Death relates that Himmel Street will soon be bombed and he will pay a visit to collect the souls of the victims, which will include Rudy, Rosa, Hans, and many other characters, but not Liesel. Liesel will be saved, Death reveals, because she will be in the basement of her house, reading over a book she’s written about her life. When the searchers pull her from the rubble, she will scream for Hans still holding the book she’s written. The narrative then goes back in time and describes the events leading up to the bombing. For three months, all is relatively peaceful in Molching, with the exception of more parades of Jews. Then, one morning Michael Holtzapfel is discovered to have hanged himself in a laundry. In his note, he asks his mother for forgiveness and says he is going to meet his dead brother in heaven. After the funeral, Liesel reads to Michael’s mother, Frau Holtzapfel, as usual.

After months of scanning every passing group of prisoners, Liesel sees Max in one of the parades of Jews through Molching. She cries out to him, then joins him in the parade. He tells her he was halfway to Stuttgart when he was caught by the Nazis. A soldier warns Liesel to get away from the Jews, but Liesel ignores him, and when the soldiers drag her from the group she fights her way back in and quotes from “The Word Shaker” to Max. The soldiers whip Max and Liesel. Rudy pulls Liesel from the crowd and Max continues on with the rest of the prisoners. After this, Liesel stays in bed for several days, then finds Rudy and explains to him who Max is. She shows him “The Word Shaker,” and he sees where he was described as a boy with “hair the color of lemons.” Liesel and Rudy come close to kissing, but again they don’t. Death interjects that Rudy will die in a month.

Liesel returns to the mayor’s house and lets herself in to the library. Overwhelmed by all the pain and loss of the past months, she begins ripping pages out of a book, making the connection in her mind between words and the current state of the world. When she is done, she writes a note for Frau Hermann apologizing for her actions, then leaves. Three days later, Frau Hermann comes to Liesel’s house and gives her a blank book, so she can write her own story. She tells Liesel not to punish herself, and they have coffee together. Liesel begins writing her life story, starting with the death of her brother and the theft of the first book from the gravedigger. After Liesel has finished the book and is beginning to revise it, the night comes when the planes drop the bombs that flatten Himmel Street.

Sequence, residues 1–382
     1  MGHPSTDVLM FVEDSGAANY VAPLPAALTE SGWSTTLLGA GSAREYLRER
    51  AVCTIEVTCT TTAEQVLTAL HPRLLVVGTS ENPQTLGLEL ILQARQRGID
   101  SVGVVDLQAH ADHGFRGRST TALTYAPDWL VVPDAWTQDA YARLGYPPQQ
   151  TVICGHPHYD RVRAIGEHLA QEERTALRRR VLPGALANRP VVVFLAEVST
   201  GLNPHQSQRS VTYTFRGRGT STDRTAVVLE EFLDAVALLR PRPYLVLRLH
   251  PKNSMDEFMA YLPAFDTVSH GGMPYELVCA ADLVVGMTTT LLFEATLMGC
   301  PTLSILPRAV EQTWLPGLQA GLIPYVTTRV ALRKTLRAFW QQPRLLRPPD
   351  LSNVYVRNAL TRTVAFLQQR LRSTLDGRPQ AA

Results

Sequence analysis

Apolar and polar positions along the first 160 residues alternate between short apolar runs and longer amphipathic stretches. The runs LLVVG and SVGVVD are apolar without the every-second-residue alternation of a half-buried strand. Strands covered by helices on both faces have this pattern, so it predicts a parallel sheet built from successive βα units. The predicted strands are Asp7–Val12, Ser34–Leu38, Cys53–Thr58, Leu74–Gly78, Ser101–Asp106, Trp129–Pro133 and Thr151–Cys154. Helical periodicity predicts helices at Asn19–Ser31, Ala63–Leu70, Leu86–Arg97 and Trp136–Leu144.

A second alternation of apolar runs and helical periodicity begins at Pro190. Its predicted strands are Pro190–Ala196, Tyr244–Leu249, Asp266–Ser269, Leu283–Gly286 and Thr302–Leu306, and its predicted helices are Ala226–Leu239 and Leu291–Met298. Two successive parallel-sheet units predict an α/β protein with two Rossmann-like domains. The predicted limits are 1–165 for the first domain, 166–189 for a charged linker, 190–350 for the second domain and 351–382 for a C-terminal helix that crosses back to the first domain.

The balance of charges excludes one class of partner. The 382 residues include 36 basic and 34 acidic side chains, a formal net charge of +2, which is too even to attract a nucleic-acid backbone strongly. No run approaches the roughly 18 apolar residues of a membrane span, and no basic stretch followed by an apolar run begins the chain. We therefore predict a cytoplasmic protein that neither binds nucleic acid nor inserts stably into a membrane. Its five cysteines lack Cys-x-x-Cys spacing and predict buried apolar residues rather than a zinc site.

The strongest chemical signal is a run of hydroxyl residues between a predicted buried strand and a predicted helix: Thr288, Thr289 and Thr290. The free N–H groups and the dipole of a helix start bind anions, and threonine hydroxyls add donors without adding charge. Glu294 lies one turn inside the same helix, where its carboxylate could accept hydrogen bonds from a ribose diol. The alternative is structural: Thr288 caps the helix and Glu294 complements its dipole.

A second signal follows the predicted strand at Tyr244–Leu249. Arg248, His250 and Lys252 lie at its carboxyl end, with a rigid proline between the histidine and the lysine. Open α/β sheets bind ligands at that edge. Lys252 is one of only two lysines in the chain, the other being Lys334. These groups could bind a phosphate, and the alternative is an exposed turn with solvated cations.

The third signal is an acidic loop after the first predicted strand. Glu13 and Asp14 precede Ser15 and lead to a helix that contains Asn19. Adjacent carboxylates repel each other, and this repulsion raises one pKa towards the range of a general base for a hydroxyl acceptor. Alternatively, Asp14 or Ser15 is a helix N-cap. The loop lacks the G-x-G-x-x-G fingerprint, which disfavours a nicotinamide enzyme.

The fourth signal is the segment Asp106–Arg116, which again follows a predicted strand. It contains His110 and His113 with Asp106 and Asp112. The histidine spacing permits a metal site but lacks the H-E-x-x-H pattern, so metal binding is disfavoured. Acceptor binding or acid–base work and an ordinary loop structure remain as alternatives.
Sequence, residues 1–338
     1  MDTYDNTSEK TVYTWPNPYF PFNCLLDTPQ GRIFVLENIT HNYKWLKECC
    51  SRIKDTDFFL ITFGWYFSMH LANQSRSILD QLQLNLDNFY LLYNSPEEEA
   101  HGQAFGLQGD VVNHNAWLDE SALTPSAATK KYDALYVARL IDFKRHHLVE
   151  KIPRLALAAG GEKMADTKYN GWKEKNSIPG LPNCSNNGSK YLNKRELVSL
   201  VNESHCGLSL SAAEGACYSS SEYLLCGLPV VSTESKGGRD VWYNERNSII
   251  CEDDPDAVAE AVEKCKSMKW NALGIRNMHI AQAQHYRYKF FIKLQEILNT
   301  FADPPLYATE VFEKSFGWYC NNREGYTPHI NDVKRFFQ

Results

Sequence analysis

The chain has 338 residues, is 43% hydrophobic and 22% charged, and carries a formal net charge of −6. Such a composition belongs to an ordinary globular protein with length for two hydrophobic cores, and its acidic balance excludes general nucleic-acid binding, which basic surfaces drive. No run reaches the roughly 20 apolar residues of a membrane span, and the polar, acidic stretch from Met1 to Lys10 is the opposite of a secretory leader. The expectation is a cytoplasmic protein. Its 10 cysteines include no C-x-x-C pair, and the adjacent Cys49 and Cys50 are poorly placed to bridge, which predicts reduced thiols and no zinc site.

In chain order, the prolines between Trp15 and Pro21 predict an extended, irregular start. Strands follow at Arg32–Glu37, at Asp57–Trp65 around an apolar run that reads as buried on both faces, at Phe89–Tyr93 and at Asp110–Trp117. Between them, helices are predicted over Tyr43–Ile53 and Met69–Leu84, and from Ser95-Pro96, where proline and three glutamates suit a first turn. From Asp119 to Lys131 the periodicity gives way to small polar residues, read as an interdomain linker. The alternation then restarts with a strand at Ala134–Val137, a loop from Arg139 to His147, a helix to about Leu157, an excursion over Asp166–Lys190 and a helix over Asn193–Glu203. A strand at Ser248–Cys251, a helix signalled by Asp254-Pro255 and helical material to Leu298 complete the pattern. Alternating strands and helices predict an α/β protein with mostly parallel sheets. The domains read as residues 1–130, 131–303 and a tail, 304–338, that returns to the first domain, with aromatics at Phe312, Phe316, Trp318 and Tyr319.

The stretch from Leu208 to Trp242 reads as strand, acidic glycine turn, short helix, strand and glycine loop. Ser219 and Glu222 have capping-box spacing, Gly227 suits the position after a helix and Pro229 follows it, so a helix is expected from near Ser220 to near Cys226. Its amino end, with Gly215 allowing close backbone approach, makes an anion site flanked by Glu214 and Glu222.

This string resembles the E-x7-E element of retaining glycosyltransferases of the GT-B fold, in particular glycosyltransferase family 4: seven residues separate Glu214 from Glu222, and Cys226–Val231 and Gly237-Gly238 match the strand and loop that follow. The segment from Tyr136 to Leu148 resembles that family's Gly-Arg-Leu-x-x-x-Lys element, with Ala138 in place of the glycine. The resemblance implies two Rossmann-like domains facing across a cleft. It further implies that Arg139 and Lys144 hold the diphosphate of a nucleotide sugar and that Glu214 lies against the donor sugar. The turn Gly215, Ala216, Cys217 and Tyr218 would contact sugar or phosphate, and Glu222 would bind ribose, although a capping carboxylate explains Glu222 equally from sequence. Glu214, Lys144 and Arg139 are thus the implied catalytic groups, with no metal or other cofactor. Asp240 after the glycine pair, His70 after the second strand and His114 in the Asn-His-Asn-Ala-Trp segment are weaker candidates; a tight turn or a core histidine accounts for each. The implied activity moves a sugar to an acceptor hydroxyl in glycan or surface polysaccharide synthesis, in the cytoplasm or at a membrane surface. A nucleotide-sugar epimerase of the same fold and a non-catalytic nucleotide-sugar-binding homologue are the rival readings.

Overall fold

Because the air raid sirens come too late, most of the residents are asleep in their beds when the bombs drop, and are killed instantly. Death arrives and takes most of the souls, but is able to see that Liesel, writing in her basement, survived the bombing. After Liesel is rescued from the rubble, she finds Rudy’s corpse and kisses him on the lips. She sees the bodies of Rosa and Hans and reluctantly forces herself to say goodbye to them as well. Then she asks the workers for Hans’s accordion. She places the instrument next to Hans’s body and promises him she’ll never drink Champagne again. As the workers lead Liesel away from the bodies. She leaves the book that she was writing, the story of her life, which is called “The Book Thief,” in the rubble. The book is collected along with the rest of the detritus and thrown in the garbage, but Death sees it and rescues it from the trash.